Job Search and Resume Tips for High School Students

Job Search and Resume Tips for High School Students

It can be tough to know where to start when looking for a job as a high school student. It can be daunting to figure out what kinds of jobs are out there, and even harder to know how to present yourself as the best candidate.

Does the idea of formulating a resume that demonstrates experience you don’t have yet seem impossible? What do you even put on it? Do you need a cover letter to go with it? We’ve got some answers to those questions and more.

First Resumes for High School Students

It turns out, there are lots of ways for high school students to get experience that will look great on their resume, even without a formal work history. Have you been assigned to be an office aid or helped a teacher by filing papers? How about teaching little kids basketball skills at a summer camp? Have you done any babysitting, lawn-mowing, or house-sitting? Beyond that, have you led teams at school, organized the school newspaper, or worked collaboratively on a project?

These experiences result in some tangible skills that will add value to any company you work for. Any volunteering you’ve done also counts as work experience and looks great on a resume. Ultimately, you might be surprised at how many employers are eager to see your resume, even if you don’t have official job experience.

What to Include on a Teen Resume

There’s no one way to format a resume for high school students, as everyone enters the job market with different experiences. However, you can get inspiration by brainstorming categories to see what you might include. Every resume should have your name and contact information. After that, determine which of the following you want to list.

  • High school GPA (if it’s above 3.5!)
  • Education that matches the job you’re applying for
  • Extracurricular activities in which you’ve participated
  • Volunteer experience or community service work
  • Interests outside of school
  • Important awards or accolades you’ve won at school or in an extracurricular activity

Resume Template for High School Job Seekers

You’ll start your resume with an attention-grabbing resume headline. Essentially, it should be a short blurb that describes you. Afterward, you can follow with a section highlighting skills relating to the role. Your resume skills section will be followed by sections for education and informal work experience. We’ve got some ideas below for inspiration.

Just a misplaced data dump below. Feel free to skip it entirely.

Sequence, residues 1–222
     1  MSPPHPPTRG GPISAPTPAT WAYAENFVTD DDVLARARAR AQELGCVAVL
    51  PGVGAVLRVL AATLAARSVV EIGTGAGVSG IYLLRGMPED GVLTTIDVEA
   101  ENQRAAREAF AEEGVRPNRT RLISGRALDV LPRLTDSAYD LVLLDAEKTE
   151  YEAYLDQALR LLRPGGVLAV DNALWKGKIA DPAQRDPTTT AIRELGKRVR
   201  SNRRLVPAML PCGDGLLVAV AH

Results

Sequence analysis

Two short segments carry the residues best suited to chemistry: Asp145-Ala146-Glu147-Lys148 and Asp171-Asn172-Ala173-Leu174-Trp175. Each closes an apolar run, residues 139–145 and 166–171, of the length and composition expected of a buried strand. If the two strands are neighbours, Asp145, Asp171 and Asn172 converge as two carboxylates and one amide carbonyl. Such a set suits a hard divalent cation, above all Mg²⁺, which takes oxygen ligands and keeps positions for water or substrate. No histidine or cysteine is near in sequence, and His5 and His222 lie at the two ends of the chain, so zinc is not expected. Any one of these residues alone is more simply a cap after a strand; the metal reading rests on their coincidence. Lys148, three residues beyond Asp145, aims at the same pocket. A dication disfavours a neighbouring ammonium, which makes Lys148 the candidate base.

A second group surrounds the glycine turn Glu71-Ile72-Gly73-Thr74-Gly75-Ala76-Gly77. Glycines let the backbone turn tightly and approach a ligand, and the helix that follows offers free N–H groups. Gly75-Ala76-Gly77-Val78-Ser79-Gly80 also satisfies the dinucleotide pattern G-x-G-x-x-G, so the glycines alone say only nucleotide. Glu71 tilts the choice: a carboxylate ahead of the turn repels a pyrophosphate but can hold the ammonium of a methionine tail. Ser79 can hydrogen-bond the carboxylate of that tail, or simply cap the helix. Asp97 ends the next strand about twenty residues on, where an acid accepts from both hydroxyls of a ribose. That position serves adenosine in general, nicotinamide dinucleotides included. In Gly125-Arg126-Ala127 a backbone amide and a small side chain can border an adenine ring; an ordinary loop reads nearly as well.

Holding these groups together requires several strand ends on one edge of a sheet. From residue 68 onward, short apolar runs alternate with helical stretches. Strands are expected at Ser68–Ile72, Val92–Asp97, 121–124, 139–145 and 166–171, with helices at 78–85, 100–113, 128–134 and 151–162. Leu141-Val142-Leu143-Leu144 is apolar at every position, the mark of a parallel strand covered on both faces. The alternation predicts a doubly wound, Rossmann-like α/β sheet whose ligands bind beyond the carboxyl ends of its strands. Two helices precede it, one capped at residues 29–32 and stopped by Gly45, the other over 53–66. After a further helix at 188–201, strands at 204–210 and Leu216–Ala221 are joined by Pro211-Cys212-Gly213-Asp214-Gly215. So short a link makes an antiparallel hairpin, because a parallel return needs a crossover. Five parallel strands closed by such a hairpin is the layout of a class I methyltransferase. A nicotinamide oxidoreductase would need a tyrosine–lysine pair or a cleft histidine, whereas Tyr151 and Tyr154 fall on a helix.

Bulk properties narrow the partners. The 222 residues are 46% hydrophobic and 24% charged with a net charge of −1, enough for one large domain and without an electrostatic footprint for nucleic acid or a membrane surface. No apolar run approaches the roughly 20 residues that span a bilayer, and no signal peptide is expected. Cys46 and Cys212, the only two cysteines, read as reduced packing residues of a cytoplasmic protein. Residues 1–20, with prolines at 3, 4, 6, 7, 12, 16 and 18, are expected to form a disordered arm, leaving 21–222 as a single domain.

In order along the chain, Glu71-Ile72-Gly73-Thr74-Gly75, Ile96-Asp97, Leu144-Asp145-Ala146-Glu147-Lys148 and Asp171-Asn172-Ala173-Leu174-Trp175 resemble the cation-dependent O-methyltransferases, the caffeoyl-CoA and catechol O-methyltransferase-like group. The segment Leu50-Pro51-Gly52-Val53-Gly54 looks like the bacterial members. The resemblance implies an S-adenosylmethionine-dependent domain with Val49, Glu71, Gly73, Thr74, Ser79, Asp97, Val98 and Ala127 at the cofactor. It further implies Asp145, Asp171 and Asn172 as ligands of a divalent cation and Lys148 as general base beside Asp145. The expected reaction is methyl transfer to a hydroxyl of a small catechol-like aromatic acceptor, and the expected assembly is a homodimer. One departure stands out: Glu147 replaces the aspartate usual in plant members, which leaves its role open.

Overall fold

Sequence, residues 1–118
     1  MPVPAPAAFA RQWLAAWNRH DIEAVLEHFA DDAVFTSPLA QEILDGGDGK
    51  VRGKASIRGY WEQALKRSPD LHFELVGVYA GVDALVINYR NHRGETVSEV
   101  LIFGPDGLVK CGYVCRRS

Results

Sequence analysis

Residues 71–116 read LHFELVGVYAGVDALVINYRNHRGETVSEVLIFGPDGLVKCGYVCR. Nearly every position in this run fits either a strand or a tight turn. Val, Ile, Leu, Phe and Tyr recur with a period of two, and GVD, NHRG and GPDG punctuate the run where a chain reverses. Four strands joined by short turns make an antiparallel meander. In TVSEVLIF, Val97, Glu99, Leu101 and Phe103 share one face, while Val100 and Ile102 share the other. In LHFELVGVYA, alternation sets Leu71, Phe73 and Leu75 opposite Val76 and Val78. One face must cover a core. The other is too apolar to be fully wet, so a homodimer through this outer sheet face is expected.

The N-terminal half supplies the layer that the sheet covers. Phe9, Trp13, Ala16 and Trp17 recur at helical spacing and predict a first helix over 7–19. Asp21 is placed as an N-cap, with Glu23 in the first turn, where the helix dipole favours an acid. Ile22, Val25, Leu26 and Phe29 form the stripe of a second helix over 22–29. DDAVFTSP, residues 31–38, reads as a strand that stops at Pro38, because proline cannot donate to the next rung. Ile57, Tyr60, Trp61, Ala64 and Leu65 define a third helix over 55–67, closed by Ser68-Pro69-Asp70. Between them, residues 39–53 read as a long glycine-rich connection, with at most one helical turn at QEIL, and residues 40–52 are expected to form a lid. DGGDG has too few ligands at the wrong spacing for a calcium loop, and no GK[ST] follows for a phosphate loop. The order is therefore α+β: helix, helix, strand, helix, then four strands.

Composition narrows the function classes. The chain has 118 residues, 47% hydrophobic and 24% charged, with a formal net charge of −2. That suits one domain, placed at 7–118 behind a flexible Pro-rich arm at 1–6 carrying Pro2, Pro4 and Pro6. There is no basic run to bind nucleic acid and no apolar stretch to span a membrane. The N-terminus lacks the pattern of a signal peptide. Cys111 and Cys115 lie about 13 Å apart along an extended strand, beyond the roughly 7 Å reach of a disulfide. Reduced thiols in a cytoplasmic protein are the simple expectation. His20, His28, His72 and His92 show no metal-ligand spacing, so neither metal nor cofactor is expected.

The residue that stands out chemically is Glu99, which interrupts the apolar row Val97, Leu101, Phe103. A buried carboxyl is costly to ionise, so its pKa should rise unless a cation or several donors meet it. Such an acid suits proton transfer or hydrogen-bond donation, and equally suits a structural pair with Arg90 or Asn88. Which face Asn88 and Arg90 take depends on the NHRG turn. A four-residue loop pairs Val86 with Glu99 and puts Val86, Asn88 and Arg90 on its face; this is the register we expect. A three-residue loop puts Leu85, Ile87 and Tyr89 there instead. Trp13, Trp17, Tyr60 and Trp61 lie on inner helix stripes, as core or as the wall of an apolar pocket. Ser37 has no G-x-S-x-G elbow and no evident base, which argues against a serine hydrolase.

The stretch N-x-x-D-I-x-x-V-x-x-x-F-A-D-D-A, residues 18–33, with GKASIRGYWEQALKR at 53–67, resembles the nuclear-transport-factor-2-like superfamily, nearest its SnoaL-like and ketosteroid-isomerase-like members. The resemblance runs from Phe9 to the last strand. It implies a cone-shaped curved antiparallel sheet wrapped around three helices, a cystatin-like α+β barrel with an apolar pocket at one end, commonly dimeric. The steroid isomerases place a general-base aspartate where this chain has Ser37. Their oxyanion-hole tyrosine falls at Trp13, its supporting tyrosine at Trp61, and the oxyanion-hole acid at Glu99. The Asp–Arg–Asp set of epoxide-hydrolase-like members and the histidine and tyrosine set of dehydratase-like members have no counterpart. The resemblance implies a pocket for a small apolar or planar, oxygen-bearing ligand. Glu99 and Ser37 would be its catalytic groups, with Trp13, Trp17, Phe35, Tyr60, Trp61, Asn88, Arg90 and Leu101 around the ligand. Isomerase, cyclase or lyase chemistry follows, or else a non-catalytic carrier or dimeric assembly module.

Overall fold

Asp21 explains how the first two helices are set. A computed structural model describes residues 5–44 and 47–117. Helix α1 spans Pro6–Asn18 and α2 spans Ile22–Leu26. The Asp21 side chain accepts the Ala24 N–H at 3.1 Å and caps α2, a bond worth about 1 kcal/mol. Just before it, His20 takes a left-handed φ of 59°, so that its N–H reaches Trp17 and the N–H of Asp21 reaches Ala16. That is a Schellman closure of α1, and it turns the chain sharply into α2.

The Attention-Grabbing Headline

Your first resume headline should state who you are and a significant skill you’re bringing. In practice, that will look something like this:

Friendly High School Junior With Exceptional Time-Management Skills

The headline explains who you are (a friendly high school junior) and what essential skill you have (exceptional time management).

The important thing is to back up that claim with your skills further down the resume. You’ve claimed time-management skills. So, balancing coursework with other duties is an excellent way to support that claim in a profile section.

  • Editor of school newsletter
  • Experienced teacher’s aid
  • Excellent team collaboration skills
  • Member of the Community Performing Arts Guild

Additional Resume Sections

Afterward, include sections for any awards and honors, extracurricular activities, and applicable skills or certifications you’ve gained throughout your studies. That might look something like this:

Awards & Honors

  • Winner of Regional Debate Competition
  • Honor Roll, with a GPA of 3.8

For more tips on listing awards and honors, read How to List Awards, Scholarships, and Honors on Your Resume.

Skills & Certifications

  • Adobe Photoshop
  • Time management, balancing coursework and extracurricular duties
  • Microsoft Office Suite
  • CPR-certified

Lastly, include any informal work or volunteer experience that you have, from babysitting to working in the nursery at church to mowing lawns. The employer is looking to see that you committed, held a schedule, and completed assigned tasks.

More: What Are Professional Certifications?

High School Resume Example

Sarah Sutton
Address
Address Line 2
Phone
Email

Friendly High School Junior With Exceptional Time-Management Skills

  • Editor of school newsletter
  • Experienced teacher’s aid
  • Excellent team collaboration skills
  • Member of the Community Performing Arts Guild

Awards & Honors

  • Winner of Regional Debate Competition
  • Honor Roll, with a GPA of 3.8

Skills & Certifications

  • Adobe Photoshop